Water Control, Drainages and Grouting
India is on the verge of becoming a global super power, which necessitates a robust and reliable infrastructure. The varied terrain and geology of the nation poses difficult challenges to undertake swift and smooth developmental activities.
1.Underground excavation, especially in the treacherous Himalayan region needs special attention as the unpredictable geology leads to hazardous and sluggish working conditions.
During Underground excavation, heavy water inrush, weak shear zones, rock falls and tunnel squeezing are a major concern for designers and site engineers. Groundwater acts as a detrimental agent for rocks and soils as it drastically reduces their shear strength due to generation of porewater pressure, which eventually leads to excessive deformation, collapses and failures .
2. Mechanically, the lower effective stress due to water, lowers the fracture strength, while chemically, it has been observedthat the presence of water leads to a greater strain rate sensitivity of failure stress, which is greater at higher confining pressures.
3. Moreover, not just water soluble rocks, water reacts with silicate to breaks the Si-O bond and, fluids can have a profound chemical effect on the physical properties ofsilicate rocks too.
4.Hence, it is crucial to protect the excavation form excess water in order to minimize the deformation. In India, conventionalwater remedial systems in tunnels are implemented on a regular basis, however, they have proven to be less effective and uneconomical in the long run. In the Himalayan regions, where the ground is erratic, with high water pressure, time and efficacy of the stabilisation and control measure is of prime importance. Grout injection with micro fine cements has shown to be rather unproductive at places with high water volume and pressure.
In these scenarios, high competence is demonstrated by chemical injections, which have a low viscosity, quick setting time and high strength.
DrucHyd-2C, is one such polyurethane (PU) based two component resin and a proprietary product of GCPL, which has shown tremendous densification and water sealing capabilities in excavations through fractured/sheared water laden Himalayan rockmass.DrucHyd-2C is a customized PU resin which can be tailored according to the site requirements. The reaction time can be lowered to a few seconds to up to minutes.
Figure 1: Sheared/fragmented rock mass at Tunnel 5 of the USBRL railway tunnel, J&K, India
One such of experience where GCPL has demonstrated its state-of-the-art grouting execution skills using the DrucHyd2C resin for controlling the heavy water ingress situation was at USBRL project. A thick shear band on the left crown of the excavation was encountered at Tunnel 5 of the USBRL project (Chainage KM 44/520). The dolomitic rocks belonged to Trikuta formation. The shear zone had made further excavation difficult due to accompanying high water pressure (Figure 1). There was an accumulation of approximately 6000 m3 of muck on the face due to heavy water ingress of about 200 litre/minute and subsequently a cavity had also been developed (figure 1).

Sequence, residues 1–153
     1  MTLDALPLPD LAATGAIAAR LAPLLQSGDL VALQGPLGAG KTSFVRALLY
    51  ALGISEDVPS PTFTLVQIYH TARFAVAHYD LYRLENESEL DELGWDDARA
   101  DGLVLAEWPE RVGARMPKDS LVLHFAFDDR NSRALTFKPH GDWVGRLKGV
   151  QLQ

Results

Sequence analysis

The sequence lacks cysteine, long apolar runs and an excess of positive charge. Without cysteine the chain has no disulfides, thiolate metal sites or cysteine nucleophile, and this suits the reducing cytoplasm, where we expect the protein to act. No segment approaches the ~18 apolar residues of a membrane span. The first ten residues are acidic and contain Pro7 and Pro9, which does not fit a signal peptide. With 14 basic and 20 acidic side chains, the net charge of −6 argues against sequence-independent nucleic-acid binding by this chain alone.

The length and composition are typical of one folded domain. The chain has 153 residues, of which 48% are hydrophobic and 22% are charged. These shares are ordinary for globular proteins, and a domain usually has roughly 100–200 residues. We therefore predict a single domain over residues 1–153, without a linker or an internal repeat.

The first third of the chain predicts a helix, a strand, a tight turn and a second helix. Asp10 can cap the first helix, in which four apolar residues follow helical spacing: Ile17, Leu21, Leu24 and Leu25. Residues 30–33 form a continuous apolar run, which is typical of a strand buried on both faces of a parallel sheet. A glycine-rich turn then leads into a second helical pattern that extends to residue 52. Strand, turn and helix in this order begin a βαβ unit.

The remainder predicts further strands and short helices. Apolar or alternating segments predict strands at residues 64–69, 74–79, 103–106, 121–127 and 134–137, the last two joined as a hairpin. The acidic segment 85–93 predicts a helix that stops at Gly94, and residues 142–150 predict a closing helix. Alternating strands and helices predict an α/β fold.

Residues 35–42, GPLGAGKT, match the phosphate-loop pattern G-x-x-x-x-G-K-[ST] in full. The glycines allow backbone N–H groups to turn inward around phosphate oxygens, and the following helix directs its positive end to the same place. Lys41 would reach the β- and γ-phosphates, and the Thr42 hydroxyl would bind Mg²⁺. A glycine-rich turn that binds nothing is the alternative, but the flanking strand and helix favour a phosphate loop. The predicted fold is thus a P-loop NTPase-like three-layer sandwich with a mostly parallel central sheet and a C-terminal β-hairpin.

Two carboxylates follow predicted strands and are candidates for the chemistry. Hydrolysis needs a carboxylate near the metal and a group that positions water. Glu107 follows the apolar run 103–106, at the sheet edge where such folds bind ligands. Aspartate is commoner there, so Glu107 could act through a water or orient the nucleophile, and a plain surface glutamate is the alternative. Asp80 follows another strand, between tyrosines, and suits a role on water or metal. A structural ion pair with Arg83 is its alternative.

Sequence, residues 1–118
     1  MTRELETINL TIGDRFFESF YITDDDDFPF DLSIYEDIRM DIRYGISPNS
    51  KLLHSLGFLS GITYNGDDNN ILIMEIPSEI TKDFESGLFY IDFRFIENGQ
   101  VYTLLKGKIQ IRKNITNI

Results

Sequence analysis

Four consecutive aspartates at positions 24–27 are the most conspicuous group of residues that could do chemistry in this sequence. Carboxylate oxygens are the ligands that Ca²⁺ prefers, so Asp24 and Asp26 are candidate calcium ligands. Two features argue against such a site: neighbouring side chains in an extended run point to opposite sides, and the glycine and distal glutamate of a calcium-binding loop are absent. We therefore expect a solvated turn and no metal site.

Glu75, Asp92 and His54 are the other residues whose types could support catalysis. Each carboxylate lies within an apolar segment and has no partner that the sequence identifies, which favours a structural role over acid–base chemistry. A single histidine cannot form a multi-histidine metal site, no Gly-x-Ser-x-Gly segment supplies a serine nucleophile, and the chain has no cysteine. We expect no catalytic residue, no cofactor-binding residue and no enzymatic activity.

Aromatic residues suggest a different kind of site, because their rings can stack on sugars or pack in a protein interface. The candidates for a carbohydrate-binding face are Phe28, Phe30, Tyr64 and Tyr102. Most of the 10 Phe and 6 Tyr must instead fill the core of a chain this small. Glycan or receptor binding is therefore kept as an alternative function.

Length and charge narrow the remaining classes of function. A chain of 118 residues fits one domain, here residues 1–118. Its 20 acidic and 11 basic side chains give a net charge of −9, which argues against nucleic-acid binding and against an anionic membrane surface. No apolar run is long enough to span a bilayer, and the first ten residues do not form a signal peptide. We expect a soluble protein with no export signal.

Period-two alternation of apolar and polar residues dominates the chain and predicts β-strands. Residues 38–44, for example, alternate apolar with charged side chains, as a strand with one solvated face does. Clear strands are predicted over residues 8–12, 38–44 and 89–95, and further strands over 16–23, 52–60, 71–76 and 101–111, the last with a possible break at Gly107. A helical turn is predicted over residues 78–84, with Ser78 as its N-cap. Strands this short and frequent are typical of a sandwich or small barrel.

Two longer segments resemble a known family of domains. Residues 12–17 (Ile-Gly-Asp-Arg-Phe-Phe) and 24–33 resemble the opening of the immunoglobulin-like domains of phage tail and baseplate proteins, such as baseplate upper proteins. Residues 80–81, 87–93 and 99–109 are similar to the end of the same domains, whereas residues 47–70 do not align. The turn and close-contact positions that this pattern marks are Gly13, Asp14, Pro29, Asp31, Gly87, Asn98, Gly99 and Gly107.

Unsuccessfully, cement grouting was conducted at the location to stabilize the rocks, where refusal was as high as 80%. Afterwards, it was proposed to undertake pre-excavation grouting using DrucHyd-2C to consolidate the shear zone and facilitate the further excavation . The resin grouting was carried out using perforated self-drilling anchors, spaced at a distance of 1m.
Due to its supreme consolidation properties and seep through even the finest of void, DrucHyd-2C was successful in consolidating the ground, while working against high water pressure (figure 2). The consolidation improved the ground, enabling further excavation.
Figure 2: Consolidated lump of sheared/fragmented rock mass by DrucHyd-2C at railway tunnel, J&K, India.
Similarly, for the micro tunnel oh outer diameter of 1400mm in Pipavav, Gujrat for protected from water ingress using DrucHyd-2C (figure 3).
Figure 3: Water ingress in a micro tunnel in Pipavav, Gujrat, India.
The micro tunnel was 50 m away from the sea line and the exact location of the ingress was not known. GCPL suggested the resin grouting for the water stoppage from inside of the tunnel using the manualdrilling method. The task was completed with two injection points located at 900 and 2700to the mirco tunnel and very nearby surface wall (figure 4).
Figure 4: Contained water ingress after the resin injection at micro tunnel in Pipavav, Gujrat, India.
The success of the resin injection is a testament to the advent of innovative technology which are more reliable than the traditional techniques of grouting and water control.
References: A Kainthola, 2015, Tunnelling Challenges and Solutions – Indian Scenario, Tunnelling Association of India, vol. 4 (2), pp.89  S Panthee, PK Singh, Ashutosh Kainthola, R Das & TN Singh, 2016, Comparative study of the deformation modulus of rock mass, Bulletin of Engineering Geology and the Environment, DOI: 10.1007/s10064-016-0974-3  K Masuda, 2001, Effects of water on rock strength in a brittle regime, Journal of structural geology, vol. 23, pp. 1653-1657  A D Lockner, 195, Room temperature creep in saturated granite, Journal of GeophysicalResearch, vol. 98, pp. 475-487  N Madhubabu, A Kainthola & T N Singh, 2016, Use of DrucHyd-2C (Polyurethane) Grout in HimalayanTunnelling, 416-427,Proceedings 6thINDOROCK 2016, IIT Bombay, Mumbai (17-18th June 2016)